How to Guide: Hanging a Hammock
There are few more rewarding things in life than cocooning yourself in a hammock on a lazy Sunday. The thought alone is enough to send you into a dreamy hammock haze. The gentle swaying sensation along with the rhythmic sound of rocking is the perfect antidote to life’s daily woes. Ahhh.
But wake up! There’s work to be done first. Once you’ve decided to buy a hammock, there are a few more steps to take before crawling in and checking out. But don’t worry, they’re all easy enough to do for even the least confident DIYers out there and Sleepy Hammock is on hand to help you with guidance and tips.
- 1 Where to hang your hammock
- 2 How to hang your hammock outdoors
- 3 How to hang your hammock indoors
- 4 Using a hammock stand
- 5 How to hang a travel hammock
- 6 Testing your hammock
- 7 Safety tips
- 8 And relax
The most exciting part is deciding what type of hammock is best for you. We’ve written a guide to help you choose from our range of single hammocks, double hammocks, travel hammocks and children’s hammocks.
Then you need to hang your hammock.
This bit isn’t quite as fun but it’s the only way you’re going to grant yourself access to hammock Zen (yes, it is a thing). Before getting started, we suggest you read this guide on how to hang a hammock.
The guide will look at:
- Where to hang your hammock
- How to hang your hammock indoors (including measurements, kit and accessories)
- How to hang your hammock outdoors
- How to use a hammock stand
- How to hang a travel hammock
- Testing and safety tips
Right, let’s waste no more time and get to work!
Where to hang your hammock
Indoors or outdoors? That is the big question.
Of course, there are upsides and downsides for both. There is also the option of getting a hammock stand so that you can move your hammock around when and where needed (more on that later).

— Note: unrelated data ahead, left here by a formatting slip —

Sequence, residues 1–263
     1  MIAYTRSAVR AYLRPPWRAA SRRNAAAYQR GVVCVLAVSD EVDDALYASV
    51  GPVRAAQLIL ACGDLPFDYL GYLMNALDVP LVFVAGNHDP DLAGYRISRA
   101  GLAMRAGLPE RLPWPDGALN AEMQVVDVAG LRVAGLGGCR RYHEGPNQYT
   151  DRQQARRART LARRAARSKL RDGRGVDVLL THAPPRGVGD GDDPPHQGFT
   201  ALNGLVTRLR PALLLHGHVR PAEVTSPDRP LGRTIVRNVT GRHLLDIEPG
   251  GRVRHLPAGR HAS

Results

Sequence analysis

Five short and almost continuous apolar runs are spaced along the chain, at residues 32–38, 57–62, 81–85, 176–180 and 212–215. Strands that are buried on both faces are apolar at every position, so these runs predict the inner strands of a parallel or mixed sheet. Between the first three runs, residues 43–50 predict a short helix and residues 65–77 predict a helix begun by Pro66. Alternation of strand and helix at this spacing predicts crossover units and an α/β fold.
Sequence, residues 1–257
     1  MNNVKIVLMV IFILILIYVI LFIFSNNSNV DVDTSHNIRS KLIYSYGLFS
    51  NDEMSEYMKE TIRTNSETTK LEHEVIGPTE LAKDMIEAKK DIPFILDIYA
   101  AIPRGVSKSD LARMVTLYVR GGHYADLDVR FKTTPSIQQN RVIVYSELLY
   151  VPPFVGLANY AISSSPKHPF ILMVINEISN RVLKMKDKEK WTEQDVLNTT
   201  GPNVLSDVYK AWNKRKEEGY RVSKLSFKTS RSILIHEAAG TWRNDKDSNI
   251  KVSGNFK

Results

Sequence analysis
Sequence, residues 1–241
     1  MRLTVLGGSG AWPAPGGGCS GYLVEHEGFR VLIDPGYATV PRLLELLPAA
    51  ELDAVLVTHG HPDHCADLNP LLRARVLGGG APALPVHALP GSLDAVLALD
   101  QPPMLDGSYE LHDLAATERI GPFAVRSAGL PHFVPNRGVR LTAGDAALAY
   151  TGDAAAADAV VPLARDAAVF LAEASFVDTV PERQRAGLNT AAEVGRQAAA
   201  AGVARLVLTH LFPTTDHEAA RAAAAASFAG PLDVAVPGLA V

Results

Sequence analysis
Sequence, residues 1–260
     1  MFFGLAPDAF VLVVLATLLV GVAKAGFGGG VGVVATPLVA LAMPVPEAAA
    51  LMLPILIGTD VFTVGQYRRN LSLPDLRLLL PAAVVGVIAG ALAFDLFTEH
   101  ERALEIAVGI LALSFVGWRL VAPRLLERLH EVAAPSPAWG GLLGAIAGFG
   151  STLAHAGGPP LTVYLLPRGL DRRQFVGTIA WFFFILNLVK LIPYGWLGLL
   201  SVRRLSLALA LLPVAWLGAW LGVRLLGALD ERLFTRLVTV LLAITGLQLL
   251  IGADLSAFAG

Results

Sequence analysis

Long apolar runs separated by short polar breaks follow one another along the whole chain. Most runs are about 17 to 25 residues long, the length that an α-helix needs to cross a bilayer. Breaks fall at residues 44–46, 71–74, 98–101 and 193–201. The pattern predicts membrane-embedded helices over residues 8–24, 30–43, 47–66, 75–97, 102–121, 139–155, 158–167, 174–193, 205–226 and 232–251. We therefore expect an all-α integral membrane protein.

Hanging a hammock outside means you don’t need to worry about it taking up too much space in the house. It can also save any family arguments about which of the kids’ bedroom to hang it in. All the family and guests to the household can enjoy it in the garden. You’ll also get to fully appreciate the sunny weather when it arrives; nothing beats the gentle breeze cooling you down on a hot day while the chef of the house gets the BBQ going.
An indoor hammock will provide endless hours of fun throughout the year of rocking, reading and sleeping in their hammock. You don’t need to rely on good weather for it! Or, if the hammock is for the adults in your household, picture yourself cuddling up with a glass of wine and a good book on a cold winter’s night. You just need to make sure that you have the right surfaces to use as anchor points (more on this later, too).
How to hang your hammock outdoors
Firstly, decide where to hang it outdoors and look at what materials you’ll be working with. The three options we advise on here are:
- Sturdy tree trunks or wooden posts (with concrete footing)
- Concrete, brick or stone walls
- A sturdy tree branch
Once you’ve chosen the most practical option for you, you’ll need to take some measurements and make sure you have all the tools, kit and accessories needed.